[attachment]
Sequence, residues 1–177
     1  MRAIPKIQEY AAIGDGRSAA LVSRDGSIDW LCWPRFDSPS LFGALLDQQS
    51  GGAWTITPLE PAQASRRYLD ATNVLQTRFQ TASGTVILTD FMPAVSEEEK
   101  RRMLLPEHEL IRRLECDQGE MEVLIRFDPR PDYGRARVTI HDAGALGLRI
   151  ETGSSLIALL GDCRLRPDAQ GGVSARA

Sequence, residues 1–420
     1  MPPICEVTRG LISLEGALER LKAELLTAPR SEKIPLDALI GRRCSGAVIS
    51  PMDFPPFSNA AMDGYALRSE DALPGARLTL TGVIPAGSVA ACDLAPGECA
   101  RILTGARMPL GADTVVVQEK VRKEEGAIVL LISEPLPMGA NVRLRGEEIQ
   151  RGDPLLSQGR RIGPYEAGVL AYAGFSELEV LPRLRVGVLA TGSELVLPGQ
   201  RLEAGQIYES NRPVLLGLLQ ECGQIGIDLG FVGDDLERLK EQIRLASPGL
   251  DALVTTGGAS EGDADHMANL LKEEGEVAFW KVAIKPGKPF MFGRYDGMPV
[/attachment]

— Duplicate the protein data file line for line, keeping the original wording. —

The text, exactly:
Sequence, residues 1–177
     1  MRAIPKIQEY AAIGDGRSAA LVSRDGSIDW LCWPRFDSPS LFGALLDQQS
    51  GGAWTITPLE PAQASRRYLD ATNVLQTRFQ TASGTVILTD FMPAVSEEEK
   101  RRMLLPEHEL IRRLECDQGE MEVLIRFDPR PDYGRARVTI HDAGALGLRI
   151  ETGSSLIALL GDCRLRPDAQ GGVSARA

Sequence, residues 1–420
     1  MPPICEVTRG LISLEGALER LKAELLTAPR SEKIPLDALI GRRCSGAVIS
    51  PMDFPPFSNA AMDGYALRSE DALPGARLTL TGVIPAGSVA ACDLAPGECA
   101  RILTGARMPL GADTVVVQEK VRKEEGAIVL LISEPLPMGA NVRLRGEEIQ
   151  RGDPLLSQGR RIGPYEAGVL AYAGFSELEV LPRLRVGVLA TGSELVLPGQ
   201  RLEAGQIYES NRPVLLGLLQ ECGQIGIDLG FVGDDLERLK EQIRLASPGL
   251  DALVTTGGAS EGDADHMANL LKEEGEVAFW KVAIKPGKPF MFGRYDGMPV